Palliative Care in India — Why is there an ignorance around the topic?
According to the WHO, around the world, about 40 million people are in dire need of assistance with their health like palliative care needs.
I recently worked on developing some content for a website called “callthepall”. A company that works on providing Palliative Care services in India. That’s when I realized the nescience about it in the general public.
A large sector of the Indian population is unaware of the existence of specialized post-treatment care like Palliative Care. And because of this oblivion around the matter, a lot of people, eligible for such care services do not avail them, hence risking a further health decline. The main facet of Palliative Care is to prevent such issues. About 5.4 million people in India are in need of such specialized care, and only about 1% have access to it.
A very important concept in Palliative Care is the composition of the care team. It is best administered by a versatile team comprising of doctors, nurses, specialists, social workers, and even volunteers. This means, a whole team, should set aside their differences, and cooperate with one another and act in the best interest of the patient.
According to the National Center for Biotechnology Information (NCBI), Palliative Care has been present in India for about 30 years now. The reason for the unawareness about it is due to multifold reasons.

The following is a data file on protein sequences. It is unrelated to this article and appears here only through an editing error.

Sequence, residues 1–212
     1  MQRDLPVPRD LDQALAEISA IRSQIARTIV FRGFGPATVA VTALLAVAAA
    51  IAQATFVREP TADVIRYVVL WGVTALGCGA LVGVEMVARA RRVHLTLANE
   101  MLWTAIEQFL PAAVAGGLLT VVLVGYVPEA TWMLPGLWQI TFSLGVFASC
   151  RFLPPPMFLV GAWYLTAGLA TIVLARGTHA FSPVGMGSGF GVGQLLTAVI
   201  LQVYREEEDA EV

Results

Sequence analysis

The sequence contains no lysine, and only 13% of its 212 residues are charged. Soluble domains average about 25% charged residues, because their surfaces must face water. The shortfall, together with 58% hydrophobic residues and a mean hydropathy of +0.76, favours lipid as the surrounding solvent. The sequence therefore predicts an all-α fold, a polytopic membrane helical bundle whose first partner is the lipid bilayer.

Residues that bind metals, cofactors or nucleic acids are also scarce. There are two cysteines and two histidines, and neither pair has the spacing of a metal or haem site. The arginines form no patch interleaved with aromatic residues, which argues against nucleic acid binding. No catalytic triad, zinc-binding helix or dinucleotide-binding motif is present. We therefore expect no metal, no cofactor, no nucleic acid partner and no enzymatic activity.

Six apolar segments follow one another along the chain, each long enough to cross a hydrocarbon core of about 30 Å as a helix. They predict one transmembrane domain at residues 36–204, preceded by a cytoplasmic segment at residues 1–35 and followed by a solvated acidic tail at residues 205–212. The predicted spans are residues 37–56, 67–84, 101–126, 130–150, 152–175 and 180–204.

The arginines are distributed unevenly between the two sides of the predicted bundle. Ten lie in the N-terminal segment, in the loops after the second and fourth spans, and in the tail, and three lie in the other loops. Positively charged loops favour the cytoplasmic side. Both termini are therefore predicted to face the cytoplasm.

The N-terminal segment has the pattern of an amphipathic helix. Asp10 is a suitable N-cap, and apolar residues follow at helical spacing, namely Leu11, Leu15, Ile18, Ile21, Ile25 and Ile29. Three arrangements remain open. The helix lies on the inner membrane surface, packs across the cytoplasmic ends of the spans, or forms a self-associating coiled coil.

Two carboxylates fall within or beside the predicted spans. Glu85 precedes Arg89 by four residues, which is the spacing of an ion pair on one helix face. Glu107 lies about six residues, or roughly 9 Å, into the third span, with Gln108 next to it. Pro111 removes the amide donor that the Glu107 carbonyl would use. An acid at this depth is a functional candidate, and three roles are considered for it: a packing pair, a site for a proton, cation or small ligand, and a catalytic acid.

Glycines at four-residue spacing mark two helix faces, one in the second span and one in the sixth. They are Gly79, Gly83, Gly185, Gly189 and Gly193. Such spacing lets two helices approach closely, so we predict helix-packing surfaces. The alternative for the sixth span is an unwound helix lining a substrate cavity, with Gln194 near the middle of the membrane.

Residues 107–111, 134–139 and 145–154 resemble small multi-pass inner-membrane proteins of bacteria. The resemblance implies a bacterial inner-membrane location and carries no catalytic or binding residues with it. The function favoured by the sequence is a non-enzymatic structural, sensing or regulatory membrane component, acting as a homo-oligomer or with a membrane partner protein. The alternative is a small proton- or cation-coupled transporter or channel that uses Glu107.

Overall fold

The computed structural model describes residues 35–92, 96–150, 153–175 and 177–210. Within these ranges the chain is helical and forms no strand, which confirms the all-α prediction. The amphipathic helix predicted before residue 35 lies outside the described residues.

· High population density
· Poverty that leads to the unaffordability of such services
· Lack of institutional interests (no active efforts by medical regulatory bodies)
· Lack of proper medical infrastructure
· Stigma around opioids and opioid addiction risks
Another major problem with people generally not availing Palliative Care is because of its non-recognition under health insurance schemes. Being a newer concept, there aren’t many organizations that provide them at lower costs, as it already costs high to provide specialized medical care that is customized for each patient.
Also, one of the biggest impediments to the rise in its popularity is the general stigma around taking pain-killer meds that help patients/recovering patients immensely after diagnosis. This false sense of danger with the use of drugs that contain opium has been instigated in a wrong sense, which has led to the creation of the NDPS (Narcotics Drugs & Psychotropic Substances) Act of 1985. It aims at limiting the misuse and diversion of narcotic substances. But, it has also led to the complication of licensing requirements for the procurement of certain drugs, which resulted in a 97% decrease in the use of Morphine in the medical sector in India.
As it slowly starts to get recognized, Palliative Care continues to grow in India. Slowly, but steadily. One thing that organizations can do, in this progress, is improve on communication that can help spread awareness and eliminate unnecessary fears instigated through propaganda. This would help ensure a safe option for people who are eligible for such care.